Covid: ‘Perfect storm’ causing employment tribunal backlog.
Concerns are being raised over a Covid-related backlog of tribunal cases involving people who believe they have lost their jobs unfairly.
Official figures show the number of outstanding employment tribunal cases is greater than during the financial crisis of a decade ago.
Citizens Advice said the situation was “a perfect storm” and set to get worse.
A separate report highlighted mental health worries among people who have made unsuccessful claims for benefits.
As with other areas of the court system, the coronavirus outbreak delayed many tribunal cases.
In addition, there has been an increase in the number of people claiming they have been unfairly dismissed as job losses grow.
‘Shielders at greater risk’
Official data shows there were 37,000 outstanding employment tribunal cases brought by individuals from April to June in the UK, higher than the peak seen from July to September 2009.
Weekly data, which is less robust, shows that the number continued to climb to 39,836 by mid-September.
These include cases such as claims of unfair dismissal and discrimination. The average waiting time for a case to be decided is 34 weeks.
Dame Gillian Guy, chief executive of Citizens Advice, said: “Employment tribunals ensure workers’ rights are protected in some of the most serious cases, but right now they are facing the perfect storm of rising demand at a time of restricted capacity.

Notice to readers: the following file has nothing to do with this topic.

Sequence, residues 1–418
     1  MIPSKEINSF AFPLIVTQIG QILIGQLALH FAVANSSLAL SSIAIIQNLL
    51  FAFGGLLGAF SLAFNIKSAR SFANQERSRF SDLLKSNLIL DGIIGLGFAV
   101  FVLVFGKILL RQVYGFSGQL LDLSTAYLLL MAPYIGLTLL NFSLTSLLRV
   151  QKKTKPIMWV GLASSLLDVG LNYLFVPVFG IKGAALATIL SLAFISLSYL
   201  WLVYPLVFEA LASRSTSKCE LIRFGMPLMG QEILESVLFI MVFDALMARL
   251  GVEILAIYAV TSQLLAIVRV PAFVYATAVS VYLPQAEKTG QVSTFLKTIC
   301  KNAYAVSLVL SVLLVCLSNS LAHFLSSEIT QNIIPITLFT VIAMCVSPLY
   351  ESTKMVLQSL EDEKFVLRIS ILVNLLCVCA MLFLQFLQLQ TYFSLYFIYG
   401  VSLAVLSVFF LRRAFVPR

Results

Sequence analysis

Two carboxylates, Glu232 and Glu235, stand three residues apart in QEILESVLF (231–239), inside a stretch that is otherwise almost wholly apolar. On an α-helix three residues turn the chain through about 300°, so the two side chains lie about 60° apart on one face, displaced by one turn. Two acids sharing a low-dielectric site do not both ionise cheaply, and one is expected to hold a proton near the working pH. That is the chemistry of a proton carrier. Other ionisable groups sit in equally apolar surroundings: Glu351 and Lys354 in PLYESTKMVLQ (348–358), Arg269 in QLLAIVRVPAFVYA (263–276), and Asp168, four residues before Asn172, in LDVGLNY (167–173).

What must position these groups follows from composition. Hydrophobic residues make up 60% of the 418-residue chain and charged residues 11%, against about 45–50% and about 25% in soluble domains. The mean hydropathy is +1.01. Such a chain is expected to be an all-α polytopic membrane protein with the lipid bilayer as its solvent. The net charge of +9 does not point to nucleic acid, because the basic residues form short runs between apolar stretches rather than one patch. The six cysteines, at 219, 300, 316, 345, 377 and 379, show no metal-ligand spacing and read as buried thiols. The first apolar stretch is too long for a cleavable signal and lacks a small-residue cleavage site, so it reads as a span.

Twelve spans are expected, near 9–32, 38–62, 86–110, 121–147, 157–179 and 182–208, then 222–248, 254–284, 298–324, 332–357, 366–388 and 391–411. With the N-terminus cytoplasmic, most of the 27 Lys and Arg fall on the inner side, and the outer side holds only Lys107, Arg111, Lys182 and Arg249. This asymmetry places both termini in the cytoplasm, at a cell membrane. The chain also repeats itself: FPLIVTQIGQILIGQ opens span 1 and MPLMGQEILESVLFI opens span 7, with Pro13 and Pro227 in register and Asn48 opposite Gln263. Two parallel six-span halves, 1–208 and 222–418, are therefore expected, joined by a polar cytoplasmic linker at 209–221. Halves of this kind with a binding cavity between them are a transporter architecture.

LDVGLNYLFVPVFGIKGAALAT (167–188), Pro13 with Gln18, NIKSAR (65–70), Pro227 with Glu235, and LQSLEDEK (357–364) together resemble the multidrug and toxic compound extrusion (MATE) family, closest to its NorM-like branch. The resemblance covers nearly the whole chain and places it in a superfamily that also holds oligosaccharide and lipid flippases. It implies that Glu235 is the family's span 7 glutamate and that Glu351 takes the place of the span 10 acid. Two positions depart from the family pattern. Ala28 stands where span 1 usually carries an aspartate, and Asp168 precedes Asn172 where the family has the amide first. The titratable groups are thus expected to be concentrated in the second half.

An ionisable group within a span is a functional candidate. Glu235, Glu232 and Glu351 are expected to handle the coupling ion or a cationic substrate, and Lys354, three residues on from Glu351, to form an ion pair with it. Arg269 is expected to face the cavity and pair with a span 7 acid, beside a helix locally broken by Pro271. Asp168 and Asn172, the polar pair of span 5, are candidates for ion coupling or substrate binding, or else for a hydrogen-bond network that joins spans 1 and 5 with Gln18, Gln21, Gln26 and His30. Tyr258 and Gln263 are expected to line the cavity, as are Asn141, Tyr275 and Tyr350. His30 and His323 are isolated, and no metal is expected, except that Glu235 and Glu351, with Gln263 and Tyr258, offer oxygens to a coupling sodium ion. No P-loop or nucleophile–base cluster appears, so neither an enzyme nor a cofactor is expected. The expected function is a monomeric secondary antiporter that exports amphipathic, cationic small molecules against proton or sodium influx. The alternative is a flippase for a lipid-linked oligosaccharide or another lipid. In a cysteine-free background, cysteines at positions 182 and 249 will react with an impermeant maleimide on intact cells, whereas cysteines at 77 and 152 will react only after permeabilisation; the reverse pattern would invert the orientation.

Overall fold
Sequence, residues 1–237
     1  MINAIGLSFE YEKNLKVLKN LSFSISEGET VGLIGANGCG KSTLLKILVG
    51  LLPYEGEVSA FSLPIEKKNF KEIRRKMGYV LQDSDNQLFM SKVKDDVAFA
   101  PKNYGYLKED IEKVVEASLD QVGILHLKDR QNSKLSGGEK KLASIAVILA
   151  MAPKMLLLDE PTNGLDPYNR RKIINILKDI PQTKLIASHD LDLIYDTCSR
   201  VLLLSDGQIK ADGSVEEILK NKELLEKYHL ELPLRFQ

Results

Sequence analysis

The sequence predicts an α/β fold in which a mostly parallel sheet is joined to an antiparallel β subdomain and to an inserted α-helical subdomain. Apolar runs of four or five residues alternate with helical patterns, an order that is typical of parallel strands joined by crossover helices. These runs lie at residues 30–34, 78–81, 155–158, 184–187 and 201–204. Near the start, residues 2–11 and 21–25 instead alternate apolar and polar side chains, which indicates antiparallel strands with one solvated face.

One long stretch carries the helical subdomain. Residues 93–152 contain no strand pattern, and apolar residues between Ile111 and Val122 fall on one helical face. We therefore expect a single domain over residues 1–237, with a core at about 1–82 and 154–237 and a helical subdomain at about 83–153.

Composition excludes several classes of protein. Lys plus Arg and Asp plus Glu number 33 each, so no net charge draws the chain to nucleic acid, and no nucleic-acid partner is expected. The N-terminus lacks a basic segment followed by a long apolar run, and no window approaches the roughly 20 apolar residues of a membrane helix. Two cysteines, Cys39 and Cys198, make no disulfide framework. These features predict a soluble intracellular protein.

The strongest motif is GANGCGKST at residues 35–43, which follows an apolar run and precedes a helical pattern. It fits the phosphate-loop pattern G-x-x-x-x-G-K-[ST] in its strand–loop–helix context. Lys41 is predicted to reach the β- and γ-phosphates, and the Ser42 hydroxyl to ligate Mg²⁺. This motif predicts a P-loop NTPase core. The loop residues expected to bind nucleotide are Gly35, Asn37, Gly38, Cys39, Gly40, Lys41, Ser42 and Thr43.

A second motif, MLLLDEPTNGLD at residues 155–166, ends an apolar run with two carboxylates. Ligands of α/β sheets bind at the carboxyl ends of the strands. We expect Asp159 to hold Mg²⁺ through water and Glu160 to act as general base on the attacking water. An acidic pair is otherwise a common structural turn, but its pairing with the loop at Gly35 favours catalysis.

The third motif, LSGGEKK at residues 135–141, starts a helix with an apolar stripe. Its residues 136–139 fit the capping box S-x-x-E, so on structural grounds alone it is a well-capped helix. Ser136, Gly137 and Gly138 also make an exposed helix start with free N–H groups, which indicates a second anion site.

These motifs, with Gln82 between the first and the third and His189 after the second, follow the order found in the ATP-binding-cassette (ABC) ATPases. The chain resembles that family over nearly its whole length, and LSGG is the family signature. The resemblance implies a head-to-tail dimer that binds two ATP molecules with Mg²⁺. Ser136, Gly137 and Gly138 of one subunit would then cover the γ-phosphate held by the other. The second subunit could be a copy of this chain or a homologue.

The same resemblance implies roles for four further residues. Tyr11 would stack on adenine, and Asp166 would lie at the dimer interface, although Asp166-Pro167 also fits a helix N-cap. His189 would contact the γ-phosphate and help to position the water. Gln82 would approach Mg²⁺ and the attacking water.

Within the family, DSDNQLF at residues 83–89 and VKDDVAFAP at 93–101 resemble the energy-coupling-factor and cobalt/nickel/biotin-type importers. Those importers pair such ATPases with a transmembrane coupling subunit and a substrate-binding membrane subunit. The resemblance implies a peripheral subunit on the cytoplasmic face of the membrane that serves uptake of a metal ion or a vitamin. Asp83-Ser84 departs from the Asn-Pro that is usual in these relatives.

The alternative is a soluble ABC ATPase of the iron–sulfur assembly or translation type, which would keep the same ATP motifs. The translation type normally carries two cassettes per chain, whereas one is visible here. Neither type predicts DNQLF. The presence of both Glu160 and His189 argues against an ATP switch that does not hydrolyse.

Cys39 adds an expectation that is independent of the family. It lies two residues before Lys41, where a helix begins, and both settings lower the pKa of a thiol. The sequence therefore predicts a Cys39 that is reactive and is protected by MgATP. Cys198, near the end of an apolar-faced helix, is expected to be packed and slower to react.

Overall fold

“We know that disabled people, those asked to shield, and parents and carers are at greater risk of redundancy. But if they want to challenge an unfair dismissal or discrimination, they already face waiting nine months for their case to be heard, and the pandemic is only going to increase this.”
An HM Courts and Tribunals spokesperson said: “To support the tribunal system we are installing new video technology, recruiting more judges and increasing sitting days.”
Mental health worries
Researchers have also revealed that a large proportion of people who were unsuccessful in their applications for benefits have been left feeling worthless or are losing sleep, among other issues.
Academics said that poor mental health was reported by 63% of unsuccessful claimants.
Their report estimated that about 290,000 people were unable to access benefits for a variety of reasons, ranging from websites crashing to ineligibility owing to existing savings or income. Universal credit, for example, is not paid to those who have household savings of more than £16,000.
Dr Ben Baumberg Geiger, lead author of the report and a senior lecturer at the University of Kent, said: “Little attention has been paid to unsuccessful claimants during the Covid-19 pandemic. Yet they are often under considerable financial strain and have poor mental health, and some are more acutely deprived.
“While fundamental decisions about the benefits system require complex trade-offs, policymakers should think about whether the eligibility criteria for benefits could be changed so that it could help a greater number of those who are struggling financially.”
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